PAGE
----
The lifecycle of a fire ant can be broken down as follows:

  • alate mating flights
  • males die
  • females go on to start new colonies
  • lays 10-20 eggs within first 24 hours
  • eggs hatch in 6-10 days and more are laid
  • within 1 month first workers open colony and tend queen (who lays more eggs)
  • mature colony producing alates within 6-12 months.
Photo of young fire ant nest, SE Queensland

Fire ant nests are mounded with no obvious entry/exit hole.

Fire ant nests

Fire ants build a dirt nest or mound, which can be up to 40 cm high. The shape and size of the nest varies depending on soil type and colony size. An unusual feature of the mound is that it has no obvious entry or exit hole. The ants enter and leave the mound via underground tunnels which radiate outwards from the nest. These tunnels can be up to 30 m long.

Nests can also develop under logs, rocks or other materials lying on the ground. These materials absorb heat from the sun in the same way that the fire ant mounds absorb heat. Fire ants appear to have an attraction to electricity, and nests have been found in buildings and equipment around electrical systems.

Internally, the nest consists of many interconnecting galleries, which give it a honeycomb appearance.

If a nest is disturbed, the workers may very quickly move the queen and the brood (eggs, larvae and pupae) to a new location.

Monogyne and polygyne colonies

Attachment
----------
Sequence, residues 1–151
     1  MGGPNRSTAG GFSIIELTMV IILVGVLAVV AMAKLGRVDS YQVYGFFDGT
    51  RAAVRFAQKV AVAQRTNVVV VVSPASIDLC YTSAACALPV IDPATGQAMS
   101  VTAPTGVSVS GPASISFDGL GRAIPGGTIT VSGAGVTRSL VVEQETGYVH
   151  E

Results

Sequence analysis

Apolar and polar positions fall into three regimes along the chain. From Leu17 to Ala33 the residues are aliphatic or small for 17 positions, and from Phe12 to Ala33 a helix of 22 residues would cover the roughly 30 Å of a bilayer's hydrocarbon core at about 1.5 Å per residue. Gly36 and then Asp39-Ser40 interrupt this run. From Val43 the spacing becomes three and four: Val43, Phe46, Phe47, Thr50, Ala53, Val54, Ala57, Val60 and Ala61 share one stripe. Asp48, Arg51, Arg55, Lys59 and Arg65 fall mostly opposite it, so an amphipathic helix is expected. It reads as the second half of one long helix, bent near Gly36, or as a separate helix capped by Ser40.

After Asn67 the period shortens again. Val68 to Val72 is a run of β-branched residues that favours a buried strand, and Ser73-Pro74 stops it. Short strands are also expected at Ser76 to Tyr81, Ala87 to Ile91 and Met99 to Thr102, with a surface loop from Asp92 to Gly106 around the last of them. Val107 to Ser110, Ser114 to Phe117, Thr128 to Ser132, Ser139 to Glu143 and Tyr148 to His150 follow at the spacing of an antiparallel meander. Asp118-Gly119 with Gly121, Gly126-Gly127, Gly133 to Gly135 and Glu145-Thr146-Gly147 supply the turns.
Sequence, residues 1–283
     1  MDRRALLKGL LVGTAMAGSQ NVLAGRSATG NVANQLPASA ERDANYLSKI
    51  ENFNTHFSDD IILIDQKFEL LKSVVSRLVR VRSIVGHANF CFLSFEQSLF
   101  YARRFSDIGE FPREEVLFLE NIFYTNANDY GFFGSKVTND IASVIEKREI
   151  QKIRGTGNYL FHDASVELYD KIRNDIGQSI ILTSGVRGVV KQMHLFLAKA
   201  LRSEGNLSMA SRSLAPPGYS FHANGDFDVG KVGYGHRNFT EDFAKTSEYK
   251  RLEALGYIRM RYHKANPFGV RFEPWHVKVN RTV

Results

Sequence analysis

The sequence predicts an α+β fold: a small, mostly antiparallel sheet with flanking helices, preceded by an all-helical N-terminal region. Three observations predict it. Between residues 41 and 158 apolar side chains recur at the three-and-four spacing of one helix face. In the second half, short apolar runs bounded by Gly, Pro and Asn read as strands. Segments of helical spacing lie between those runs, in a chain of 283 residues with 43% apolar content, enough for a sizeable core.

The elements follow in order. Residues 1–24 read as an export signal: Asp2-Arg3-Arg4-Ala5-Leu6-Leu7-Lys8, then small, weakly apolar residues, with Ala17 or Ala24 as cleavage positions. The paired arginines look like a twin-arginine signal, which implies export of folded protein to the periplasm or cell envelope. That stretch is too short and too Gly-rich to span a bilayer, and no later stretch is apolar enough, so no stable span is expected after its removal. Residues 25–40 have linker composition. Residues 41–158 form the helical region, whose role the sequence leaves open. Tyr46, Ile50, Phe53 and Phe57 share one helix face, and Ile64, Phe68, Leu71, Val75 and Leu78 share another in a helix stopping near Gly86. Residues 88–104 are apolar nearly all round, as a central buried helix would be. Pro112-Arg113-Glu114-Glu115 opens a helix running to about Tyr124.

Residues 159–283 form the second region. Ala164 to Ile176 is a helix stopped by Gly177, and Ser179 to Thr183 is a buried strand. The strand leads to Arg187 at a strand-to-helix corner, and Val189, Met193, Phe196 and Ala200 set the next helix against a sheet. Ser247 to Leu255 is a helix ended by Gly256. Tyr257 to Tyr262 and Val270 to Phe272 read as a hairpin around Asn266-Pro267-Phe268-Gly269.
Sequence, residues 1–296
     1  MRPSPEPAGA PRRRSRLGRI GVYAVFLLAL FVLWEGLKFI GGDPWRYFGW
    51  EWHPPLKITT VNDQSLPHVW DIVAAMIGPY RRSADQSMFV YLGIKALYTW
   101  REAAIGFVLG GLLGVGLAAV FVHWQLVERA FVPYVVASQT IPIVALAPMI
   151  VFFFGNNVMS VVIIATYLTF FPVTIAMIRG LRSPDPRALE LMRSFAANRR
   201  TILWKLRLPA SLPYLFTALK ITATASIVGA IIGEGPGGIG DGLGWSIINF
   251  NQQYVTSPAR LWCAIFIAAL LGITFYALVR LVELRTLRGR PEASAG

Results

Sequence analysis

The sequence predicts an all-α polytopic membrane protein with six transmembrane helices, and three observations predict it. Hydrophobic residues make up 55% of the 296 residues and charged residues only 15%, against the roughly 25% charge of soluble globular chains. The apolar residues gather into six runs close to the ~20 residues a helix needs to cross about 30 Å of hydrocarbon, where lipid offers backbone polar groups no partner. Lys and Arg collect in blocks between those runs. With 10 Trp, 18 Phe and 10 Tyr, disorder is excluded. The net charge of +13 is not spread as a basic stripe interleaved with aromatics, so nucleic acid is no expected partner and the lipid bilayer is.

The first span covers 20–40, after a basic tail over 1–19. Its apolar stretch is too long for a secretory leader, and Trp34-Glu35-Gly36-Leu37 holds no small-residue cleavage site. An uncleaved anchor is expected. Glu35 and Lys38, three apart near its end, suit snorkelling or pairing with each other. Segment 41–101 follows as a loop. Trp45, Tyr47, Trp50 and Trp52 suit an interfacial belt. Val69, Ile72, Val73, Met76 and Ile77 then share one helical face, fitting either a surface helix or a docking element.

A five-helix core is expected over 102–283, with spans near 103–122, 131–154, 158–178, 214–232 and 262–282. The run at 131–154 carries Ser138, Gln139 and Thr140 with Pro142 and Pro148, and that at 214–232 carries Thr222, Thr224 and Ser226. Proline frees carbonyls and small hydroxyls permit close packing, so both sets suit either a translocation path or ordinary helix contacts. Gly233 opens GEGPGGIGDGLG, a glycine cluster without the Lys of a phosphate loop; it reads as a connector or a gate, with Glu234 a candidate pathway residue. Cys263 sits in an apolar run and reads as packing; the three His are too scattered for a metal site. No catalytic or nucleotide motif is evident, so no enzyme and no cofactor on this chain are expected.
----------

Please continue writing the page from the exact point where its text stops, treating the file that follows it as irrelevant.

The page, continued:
Fire ant colonies are of two basic types: monogyne colonies with only one queen and polygyne colonies with more than one queen.

Workers from monogyne colonies are territorial and defend the area around their mound from fire ants from other colonies, new queens that land and attempt to start new colonies nearby, or from other types of ant.

Ants from polygyne fire ant colonies are able to move from one mound to another without hostile reaction from other fire ant workers. This type of colony is more stable and has a much greater mound density per unit area.

In Texas, the average number of monogyne and polygyne mounds per hectare has been recorded at 300 and 680, respectively. However, polygyne mound densities up to 2600/ha have been found.

Mature fire ant colonies can contain 200,000 to 400,000 workers.

Food sources

Fire ants are omnivorous, eating plant material, insects and small animals. They will also scavenge dead animals. Workers forage during the warmer months, typically when temperatures are between 22°C and 36°C. Workers can consume only liquids. Nearly half of the resources that are returned to the nest are liquids, which are stored in the ant's crop (stomach) or a gland in the head. Ants pass regurgitated food to each other through a process known as trophallaxis.

Foragers collect both liquid and solid foods. Liquids, usually oils or carbohydrates, are transported in the crop and fed to reserves. The reserves feed the nurses, and the nurses feed the brood and queen.

Fire ants have four larval stages, or instars. Only the first three larval instars are fed liquids. Solid food, such as parts of insects, are given to fourth instar larvae. The fourth instar larvae break down the solid food into proteins, and the nurses then distribute the digested protein, through trophallaxis, to the younger larvae (instars I - III) and to the queen.

Further information

Last updated 03 May 2013